Education News » October 2015

Monthly Archives: October 2015

Education

How to evolve management

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shawn murphy bookThe term management has baggage. It’s associated with conclusions that no longer benefit a business or its people. Management is linked to controlling people, monitoring their progress, dominating them. The truth is management has become soulless. It’s rote. It’s impersonal.

Let’s look at some data that points the way towards the impersonal nature of management. In a Towers Watson study, fewer than half of the participants agreed that their senior management was genuinely interested in their well-being. Strategy and learning consultancy Root found that 68% of employees believed their manager was more interested in their own development rather than spending time inspiring employees to do their best work.

Hold these two findings up against dismal engagement levels and low trust in senior leaders and corporations, an unsatisfying picture of management emerges.

Management is one of the greatest inventions. It’s time for it to evolve, however. To what, though? Management needs to evolve to stewardship.

Evolving management

Stewardship is a shift in leadership mindset. With this mindset a steward accepts responsibility for the greater good of the business. A steward isn’t drawn to the allure of self-interest, says Gary Hamel in “What Matters Most.” A steward accepts responsibility for the people in his care. Management expert Peter Block explains that stewards don’t feel the necessity to set goals for employees, as if they can’t do it themselves.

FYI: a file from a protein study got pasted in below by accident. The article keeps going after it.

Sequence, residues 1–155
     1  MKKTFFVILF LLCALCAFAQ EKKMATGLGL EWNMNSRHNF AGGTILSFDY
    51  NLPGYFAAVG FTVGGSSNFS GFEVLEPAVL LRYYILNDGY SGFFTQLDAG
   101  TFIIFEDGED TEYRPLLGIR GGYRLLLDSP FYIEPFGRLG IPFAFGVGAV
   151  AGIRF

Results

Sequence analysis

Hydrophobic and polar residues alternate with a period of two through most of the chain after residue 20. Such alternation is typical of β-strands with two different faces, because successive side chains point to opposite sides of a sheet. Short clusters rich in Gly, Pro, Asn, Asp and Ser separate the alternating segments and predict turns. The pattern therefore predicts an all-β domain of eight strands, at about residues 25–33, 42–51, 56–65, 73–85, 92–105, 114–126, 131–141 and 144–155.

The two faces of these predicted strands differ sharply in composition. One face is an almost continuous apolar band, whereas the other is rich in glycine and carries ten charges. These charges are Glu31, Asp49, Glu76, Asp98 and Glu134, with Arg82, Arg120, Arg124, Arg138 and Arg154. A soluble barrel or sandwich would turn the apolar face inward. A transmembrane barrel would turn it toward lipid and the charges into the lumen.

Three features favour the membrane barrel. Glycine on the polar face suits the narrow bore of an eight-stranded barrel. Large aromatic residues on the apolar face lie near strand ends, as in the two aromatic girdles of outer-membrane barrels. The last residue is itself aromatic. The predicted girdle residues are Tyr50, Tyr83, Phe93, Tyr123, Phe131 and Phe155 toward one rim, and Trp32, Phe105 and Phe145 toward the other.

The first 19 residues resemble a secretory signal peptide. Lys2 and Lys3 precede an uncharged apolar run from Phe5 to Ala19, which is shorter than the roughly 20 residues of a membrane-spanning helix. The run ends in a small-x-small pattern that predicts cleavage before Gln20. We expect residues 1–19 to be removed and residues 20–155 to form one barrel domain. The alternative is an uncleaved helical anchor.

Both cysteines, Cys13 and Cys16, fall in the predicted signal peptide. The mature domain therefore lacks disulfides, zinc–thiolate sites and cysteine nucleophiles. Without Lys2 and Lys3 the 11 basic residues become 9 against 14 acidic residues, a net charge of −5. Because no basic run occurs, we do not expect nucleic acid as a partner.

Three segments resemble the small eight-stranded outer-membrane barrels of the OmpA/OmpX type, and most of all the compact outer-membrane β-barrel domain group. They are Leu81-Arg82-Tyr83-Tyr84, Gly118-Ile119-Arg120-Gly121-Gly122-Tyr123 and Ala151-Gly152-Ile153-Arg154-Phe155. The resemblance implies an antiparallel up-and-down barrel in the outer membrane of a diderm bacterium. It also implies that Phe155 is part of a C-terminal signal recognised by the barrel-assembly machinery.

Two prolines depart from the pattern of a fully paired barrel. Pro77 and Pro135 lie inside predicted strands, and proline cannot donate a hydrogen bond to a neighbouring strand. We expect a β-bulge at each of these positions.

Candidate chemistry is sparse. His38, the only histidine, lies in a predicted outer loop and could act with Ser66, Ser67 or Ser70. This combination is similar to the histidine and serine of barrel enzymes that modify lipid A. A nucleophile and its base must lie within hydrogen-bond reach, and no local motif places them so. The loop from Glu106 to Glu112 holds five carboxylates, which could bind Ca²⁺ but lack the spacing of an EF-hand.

If there’s a simple way to describe stewardship, it’s this way: Stewards shape the work context so that human potential is unleashed.

 

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Education

Face-to-Face vs. Online Learning: Why Is It Either/Or?

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In the film The Intern, a 70-year-old senior citizen named Ben Whittaker (Robert DeNiro), applies for a “senior” internship with a fashion tech start-up experiencing explosive growth. The interview process requires him to submit a video. Uncertain how to make a video, Ben enlists his nine-year-old grandson and wows the company with his warmth and personality. Ben gets the job.

He brings real-life experience to his new role, and his high EQ brings dividends to the company’s fast-moving, overcommitted CEO, who learns to appreciate and value Ben for his sincerity and integrity. His “old school” approach finds him in a suit and tie each day, while his younger colleagues wear t-shirts and don’t shave. Ben’s charm is that he is skilled at and values conversation.

In “Reclaiming Conversation,” a recent New York Times op-ed piece, Professor Sherry Turkle writes:

But it is in this type of conversation — where we learn to make eye contact, to become aware of another person’s posture and tone, to comfort one another and respectfully challenge one another — that empathy and intimacy flourish. In these conversations, we learn who we are.

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Education

Will STEM Education Be The Child Left Behind?